“I needed everything to stop”

In the summer of 2014, Blake started attending therapy to unpack and process the assault. By the summer of 2015, after a year of therapy and counselors, he was still struggling with depression and Post-Traumatic Stress Disorder (PTSD). One evening, it all came to a head.

Feeling as though the world was closing in on him, Blake took a mix of sleeping pills and pain medications.

“I knew the medications were contraindicated by the doctors, but by that point I needed everything to stop,” he said.

He woke up the next afternoon, still depressed, but alive. He continued seeing counselors and getting therapy, but still struggled with what he deemed as emptiness.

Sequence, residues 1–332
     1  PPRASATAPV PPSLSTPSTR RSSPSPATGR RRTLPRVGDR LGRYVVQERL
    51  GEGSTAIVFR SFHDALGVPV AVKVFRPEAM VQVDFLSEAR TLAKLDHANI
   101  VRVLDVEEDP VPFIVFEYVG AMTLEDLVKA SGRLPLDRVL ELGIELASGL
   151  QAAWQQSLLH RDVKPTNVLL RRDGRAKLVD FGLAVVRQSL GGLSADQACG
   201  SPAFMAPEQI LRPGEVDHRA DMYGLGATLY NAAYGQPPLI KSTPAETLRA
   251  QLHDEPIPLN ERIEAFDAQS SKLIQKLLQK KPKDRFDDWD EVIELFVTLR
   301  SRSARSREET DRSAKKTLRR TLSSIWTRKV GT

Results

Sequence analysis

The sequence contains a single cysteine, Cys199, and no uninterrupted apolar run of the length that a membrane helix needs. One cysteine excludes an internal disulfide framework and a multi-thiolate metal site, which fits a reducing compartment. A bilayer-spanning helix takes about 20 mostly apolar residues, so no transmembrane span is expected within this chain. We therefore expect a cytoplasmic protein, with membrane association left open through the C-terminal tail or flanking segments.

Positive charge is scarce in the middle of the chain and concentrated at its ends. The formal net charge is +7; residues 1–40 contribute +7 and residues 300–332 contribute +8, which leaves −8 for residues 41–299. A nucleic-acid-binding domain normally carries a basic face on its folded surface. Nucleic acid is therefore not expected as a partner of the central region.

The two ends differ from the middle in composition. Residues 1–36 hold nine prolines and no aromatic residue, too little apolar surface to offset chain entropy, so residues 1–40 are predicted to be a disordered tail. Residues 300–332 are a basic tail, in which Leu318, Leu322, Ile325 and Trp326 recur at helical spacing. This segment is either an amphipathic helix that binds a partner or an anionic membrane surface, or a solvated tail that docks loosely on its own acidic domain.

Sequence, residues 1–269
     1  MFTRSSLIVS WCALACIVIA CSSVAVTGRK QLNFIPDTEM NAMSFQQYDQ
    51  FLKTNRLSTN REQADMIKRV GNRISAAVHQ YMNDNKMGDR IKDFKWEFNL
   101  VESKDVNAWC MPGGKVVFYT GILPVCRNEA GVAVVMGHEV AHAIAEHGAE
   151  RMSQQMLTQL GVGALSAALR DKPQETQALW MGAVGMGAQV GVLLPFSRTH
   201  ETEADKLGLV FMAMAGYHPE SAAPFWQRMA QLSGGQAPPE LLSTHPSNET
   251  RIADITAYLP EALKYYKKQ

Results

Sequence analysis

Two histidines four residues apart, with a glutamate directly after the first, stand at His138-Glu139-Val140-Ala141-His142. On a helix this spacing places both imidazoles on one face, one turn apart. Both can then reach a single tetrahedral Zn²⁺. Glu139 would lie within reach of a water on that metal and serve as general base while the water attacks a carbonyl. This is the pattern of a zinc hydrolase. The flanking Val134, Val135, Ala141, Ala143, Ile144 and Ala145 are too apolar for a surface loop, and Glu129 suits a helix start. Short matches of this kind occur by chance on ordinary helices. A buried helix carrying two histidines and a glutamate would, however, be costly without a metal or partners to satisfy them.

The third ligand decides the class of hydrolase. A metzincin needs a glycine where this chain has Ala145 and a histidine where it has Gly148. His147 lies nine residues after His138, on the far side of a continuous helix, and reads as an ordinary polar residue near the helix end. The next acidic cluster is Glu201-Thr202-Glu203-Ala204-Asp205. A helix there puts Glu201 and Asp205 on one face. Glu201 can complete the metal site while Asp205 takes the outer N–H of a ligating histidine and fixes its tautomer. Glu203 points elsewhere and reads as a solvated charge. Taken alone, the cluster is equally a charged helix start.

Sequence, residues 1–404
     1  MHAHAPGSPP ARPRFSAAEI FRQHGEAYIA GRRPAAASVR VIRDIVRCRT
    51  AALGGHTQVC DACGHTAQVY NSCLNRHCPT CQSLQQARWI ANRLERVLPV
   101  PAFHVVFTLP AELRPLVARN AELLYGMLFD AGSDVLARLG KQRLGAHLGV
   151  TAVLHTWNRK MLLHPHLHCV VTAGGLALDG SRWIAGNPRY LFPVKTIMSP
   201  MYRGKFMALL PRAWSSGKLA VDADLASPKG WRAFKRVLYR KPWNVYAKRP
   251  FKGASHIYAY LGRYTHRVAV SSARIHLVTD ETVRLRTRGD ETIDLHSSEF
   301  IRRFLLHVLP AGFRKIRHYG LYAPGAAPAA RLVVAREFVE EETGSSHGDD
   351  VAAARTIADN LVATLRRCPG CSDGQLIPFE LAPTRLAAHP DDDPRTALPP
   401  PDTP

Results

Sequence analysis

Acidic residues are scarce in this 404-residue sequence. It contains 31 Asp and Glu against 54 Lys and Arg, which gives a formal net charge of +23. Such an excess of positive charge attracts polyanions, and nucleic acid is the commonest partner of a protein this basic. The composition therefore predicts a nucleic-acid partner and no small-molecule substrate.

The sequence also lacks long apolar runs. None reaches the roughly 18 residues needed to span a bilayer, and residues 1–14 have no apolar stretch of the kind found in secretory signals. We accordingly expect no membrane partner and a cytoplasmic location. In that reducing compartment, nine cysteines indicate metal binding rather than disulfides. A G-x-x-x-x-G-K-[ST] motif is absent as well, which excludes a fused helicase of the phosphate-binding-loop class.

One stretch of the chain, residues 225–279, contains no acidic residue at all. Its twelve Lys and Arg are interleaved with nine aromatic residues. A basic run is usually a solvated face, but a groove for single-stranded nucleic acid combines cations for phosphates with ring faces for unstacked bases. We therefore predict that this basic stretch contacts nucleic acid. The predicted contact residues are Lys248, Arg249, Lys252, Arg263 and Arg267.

Blake described an almost zombie-like state of watching television without emotion or comprehension of what he was watching in the years after the assault.

On November 2, 2015, he’d have another watershed moment, but this one would signal a dramatic turning point.

“It was on that night that I tell everybody that everything for me began in a positive way,” he said. “There was a moment of laughter while I was watching the Late Show with Stephen Colbert.

“What was important about November 2, 2015 is when that show came on and I laughed it was the fact that I _recognized_ that I laughed. I paused the show for three minutes and just sat there and thought, ‘God, there’s still something good coming out of me. I’m going to do something with this laughter.’”

The Blake Project

“I went to bed with hope,” Blake said of the rest of the evening.